A new lease on life for an old electric plant
The electric building was a state of the art power plant when it was constructed in 1921. But by the mid-50s it had outlived its usefulness and the state bought the building and land in 1963 for $10.
When the city started discussing cleaning up and renovating the toxic dump that was Cascades Park, it asked the state if it could have the building back.
A little over a decade ago, the Department of State Division of Historical Resources gave the building back to the city, but with the condition that it be restored in historic detail.
“We wanted complete control over that building because it’s inside Cascades Park,” Tedder said.
The city spent $288,000 in 2007 to remove lead and asbestos from the building, tear out rotten floors, and replace the roof with a fiberglass reinforced membrane. Windows were removed and covered with wire and slanted wooden canopies to keep out water and animals.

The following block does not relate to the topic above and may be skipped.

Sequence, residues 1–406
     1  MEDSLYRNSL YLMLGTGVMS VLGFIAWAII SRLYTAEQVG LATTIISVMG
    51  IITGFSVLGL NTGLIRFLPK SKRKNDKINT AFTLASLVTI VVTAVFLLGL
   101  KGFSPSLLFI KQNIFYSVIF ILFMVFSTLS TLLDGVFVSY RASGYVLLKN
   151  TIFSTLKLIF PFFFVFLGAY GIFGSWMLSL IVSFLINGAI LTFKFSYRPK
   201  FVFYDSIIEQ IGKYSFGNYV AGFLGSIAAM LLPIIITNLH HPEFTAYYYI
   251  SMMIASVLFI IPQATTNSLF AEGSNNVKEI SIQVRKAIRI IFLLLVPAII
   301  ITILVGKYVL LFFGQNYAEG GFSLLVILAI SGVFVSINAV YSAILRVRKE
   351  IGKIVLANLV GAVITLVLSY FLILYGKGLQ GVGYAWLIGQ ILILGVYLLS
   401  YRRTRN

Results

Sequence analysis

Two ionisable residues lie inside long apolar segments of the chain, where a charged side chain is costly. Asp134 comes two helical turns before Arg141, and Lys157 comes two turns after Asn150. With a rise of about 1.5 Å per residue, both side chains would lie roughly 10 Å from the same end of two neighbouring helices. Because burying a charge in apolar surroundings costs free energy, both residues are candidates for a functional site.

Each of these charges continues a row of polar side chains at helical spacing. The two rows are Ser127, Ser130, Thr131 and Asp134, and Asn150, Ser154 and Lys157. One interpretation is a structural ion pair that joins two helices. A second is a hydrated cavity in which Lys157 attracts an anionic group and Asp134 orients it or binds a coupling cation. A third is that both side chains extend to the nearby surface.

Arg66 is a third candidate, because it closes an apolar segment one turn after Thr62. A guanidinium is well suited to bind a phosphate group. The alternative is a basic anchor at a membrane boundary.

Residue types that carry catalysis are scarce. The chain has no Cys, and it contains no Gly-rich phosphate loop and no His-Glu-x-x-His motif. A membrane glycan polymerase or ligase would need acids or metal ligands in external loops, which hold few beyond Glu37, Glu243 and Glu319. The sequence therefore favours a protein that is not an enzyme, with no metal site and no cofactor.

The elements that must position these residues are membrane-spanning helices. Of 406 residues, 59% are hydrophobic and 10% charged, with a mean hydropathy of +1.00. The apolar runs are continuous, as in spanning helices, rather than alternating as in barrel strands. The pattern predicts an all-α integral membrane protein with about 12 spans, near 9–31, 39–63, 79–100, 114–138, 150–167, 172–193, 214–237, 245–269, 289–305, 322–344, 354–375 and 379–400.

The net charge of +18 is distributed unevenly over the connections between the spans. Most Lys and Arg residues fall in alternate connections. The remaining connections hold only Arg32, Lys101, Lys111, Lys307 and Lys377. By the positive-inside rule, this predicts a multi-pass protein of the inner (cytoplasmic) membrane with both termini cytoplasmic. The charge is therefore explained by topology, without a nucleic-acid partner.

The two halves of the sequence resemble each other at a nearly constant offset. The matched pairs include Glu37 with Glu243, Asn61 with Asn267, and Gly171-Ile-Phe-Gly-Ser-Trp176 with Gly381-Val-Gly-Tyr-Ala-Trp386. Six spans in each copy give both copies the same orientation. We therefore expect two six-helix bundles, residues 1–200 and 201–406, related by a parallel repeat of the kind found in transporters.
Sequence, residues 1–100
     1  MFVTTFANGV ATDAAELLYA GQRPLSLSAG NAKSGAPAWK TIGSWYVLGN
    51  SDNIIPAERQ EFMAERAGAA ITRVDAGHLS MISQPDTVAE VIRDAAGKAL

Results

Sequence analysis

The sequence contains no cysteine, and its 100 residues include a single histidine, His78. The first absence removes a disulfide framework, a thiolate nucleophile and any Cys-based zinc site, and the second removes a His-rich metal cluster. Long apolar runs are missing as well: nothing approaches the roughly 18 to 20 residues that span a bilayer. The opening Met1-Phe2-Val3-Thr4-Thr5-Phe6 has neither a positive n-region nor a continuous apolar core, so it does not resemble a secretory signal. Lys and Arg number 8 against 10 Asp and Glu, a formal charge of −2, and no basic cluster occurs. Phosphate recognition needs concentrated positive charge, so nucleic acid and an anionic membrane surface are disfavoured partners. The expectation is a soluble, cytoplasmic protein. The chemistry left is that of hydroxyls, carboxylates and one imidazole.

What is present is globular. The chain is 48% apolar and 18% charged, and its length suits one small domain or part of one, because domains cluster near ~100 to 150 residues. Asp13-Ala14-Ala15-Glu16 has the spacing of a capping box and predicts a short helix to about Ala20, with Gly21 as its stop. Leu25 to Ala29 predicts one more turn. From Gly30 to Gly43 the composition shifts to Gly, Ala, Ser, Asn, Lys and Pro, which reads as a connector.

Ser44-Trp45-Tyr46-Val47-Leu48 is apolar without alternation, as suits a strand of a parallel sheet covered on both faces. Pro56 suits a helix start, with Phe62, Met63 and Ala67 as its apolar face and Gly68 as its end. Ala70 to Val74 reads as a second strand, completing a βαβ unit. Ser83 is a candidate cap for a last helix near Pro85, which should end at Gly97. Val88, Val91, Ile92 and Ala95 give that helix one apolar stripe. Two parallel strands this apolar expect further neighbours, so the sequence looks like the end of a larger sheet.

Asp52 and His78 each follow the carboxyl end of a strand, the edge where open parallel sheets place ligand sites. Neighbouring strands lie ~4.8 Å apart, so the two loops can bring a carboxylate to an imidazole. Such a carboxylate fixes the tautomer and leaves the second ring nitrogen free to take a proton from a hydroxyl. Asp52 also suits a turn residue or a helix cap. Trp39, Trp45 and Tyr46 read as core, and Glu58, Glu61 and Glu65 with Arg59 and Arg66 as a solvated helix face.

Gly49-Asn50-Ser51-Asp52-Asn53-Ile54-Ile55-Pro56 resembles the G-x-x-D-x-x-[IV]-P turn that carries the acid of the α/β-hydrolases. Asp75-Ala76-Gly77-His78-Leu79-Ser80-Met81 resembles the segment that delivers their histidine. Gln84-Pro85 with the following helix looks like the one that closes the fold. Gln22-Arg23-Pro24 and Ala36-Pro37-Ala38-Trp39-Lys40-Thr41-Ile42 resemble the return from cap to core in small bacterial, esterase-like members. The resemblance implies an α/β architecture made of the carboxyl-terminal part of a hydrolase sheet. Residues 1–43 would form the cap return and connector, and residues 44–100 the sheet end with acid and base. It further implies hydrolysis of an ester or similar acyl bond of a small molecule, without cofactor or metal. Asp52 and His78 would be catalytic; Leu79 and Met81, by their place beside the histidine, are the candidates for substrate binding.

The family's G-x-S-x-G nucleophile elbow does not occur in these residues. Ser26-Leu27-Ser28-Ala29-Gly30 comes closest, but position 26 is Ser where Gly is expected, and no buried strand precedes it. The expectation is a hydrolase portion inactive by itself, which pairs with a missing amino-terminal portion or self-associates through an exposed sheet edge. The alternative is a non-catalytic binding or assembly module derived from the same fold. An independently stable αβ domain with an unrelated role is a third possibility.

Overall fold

Commissioner Nancy Miller and staff were authorized by the commission on June 27, 2011, to create a report outlining the various development options for the building.
That report, delivered to the city commission September 21, 2011, explored the costs, logistics and problems associated with turning the electric building into a restaurant. City staffers talked to industry professionals and academic experts, restaurant owners, developers and officials from other cities.
One of those experts was Mark Bonn, a distinguished professor at the Florida State University Dedman College of Hospitality who has provided analysis for state and county and city governments, professional baseball teams and is a frequent media source on tourism.